Earlier this week there was some semi-friendly discussion in the comments section of this site on whether or not Sunday’s Honda Indy Toronto was exciting, entertaining, enjoyable or any other adjective you want to use. Some said it was a boring race, while others took the stance that there was some very exciting racing going on behind the front of the field. Then there were those that said anytime there are fast and shiny race cars on track, they were fine with that. Put me in that camp, but I’m not sure that necessarily apply to the non-shiny matte black finish of Charlie Kimball’s car – but I digress.
Yesterday’s Honda Indy Toronto showed us just how fragile racing can be. From Juan Montoya practically destroying his car in Friday’s practice, to Scott Dixon narrowly snatching the pole away from Helio Castroneves on the last lap of qualifying and then to Simon Pagenaud losing a huge chunk of his points lead in the blink of an eye – simply because he chose to pit one lap late. That’s how fragile racing can be.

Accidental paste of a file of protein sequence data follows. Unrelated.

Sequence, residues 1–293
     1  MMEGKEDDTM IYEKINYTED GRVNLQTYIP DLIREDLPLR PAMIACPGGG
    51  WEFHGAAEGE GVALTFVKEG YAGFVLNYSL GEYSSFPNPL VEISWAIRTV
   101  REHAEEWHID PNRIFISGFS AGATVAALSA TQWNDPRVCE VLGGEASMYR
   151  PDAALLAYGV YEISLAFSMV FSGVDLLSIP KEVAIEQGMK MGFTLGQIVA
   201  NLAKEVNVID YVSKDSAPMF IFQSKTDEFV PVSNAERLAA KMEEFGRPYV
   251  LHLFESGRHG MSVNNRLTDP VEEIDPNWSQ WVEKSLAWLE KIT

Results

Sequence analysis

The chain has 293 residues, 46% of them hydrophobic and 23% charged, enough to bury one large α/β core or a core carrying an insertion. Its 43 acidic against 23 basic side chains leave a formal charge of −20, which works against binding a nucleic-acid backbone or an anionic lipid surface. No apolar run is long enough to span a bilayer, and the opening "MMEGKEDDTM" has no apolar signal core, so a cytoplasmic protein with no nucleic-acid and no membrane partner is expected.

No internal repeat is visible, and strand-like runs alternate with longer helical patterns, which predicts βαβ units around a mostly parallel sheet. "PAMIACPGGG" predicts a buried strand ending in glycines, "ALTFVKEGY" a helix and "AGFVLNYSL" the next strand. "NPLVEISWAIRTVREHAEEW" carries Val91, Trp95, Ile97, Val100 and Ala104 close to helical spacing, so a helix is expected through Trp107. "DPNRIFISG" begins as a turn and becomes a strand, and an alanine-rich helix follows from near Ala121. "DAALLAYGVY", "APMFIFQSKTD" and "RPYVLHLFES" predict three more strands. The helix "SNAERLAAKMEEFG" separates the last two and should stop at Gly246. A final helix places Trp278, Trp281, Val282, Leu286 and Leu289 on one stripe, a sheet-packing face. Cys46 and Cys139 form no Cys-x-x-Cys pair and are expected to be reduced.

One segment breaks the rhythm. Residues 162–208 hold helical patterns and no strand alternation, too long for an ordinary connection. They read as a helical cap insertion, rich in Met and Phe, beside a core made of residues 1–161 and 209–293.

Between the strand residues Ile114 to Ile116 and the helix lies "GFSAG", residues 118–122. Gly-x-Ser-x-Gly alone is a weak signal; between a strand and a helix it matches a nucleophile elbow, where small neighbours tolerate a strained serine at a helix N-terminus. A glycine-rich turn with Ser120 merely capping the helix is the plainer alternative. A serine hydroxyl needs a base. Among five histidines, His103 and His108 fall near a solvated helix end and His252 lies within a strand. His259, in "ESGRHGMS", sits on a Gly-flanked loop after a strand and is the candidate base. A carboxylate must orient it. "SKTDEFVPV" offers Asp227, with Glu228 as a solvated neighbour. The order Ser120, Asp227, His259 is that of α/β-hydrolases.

Now that Boston is mercifully off of the Verizon IndyCar Series schedule, we are heading into the last race weekend held on a temporary street circuit. Considering that I’ve never been to any type of temporary street circuit, my opinion really doesn’t carry a whole lot of weight.
This coming Sunday marks the seventy-fifth anniversary of one of the greatest records in sports – Joe DiMaggio’s fifty-six game hitting streak. Actually, Sunday marks the streak coming to an end, when the Cleveland Indians held the Yankee Clipper hitless on July 17, 1941.
Never have I seen a race so dominated by a driver, when I felt so nervous and so unsure of the outcome as I did in yesterday’s Iowa Corn 300 at Iowa Speedway. From the drop of the green flag, Nashville native Josef Newgarden took the lead and never looked back on his way to his third career Verizon IndyCar Series victory and his first on an oval.
Before getting into this weekend’s race at Iowa, I wanted to pay homage to one of the great men in recent IndyCar history. Carl Haas, co-founder of Newman/Haas Racing lost his battle with Alzheimer’s disease on June 29th, at the age of 86 – although most of us just learned about it yesterday.
When it comes to Juan Montoya and his future, there seems to be two schools of thought. I’ve read where some say that he is washed up and will be let go by Team Penske at the end of this season in order to make room to hire Josef Newgarden. Then there are those that say his demise is greatly exaggerated and that he has just had some bad luck recently.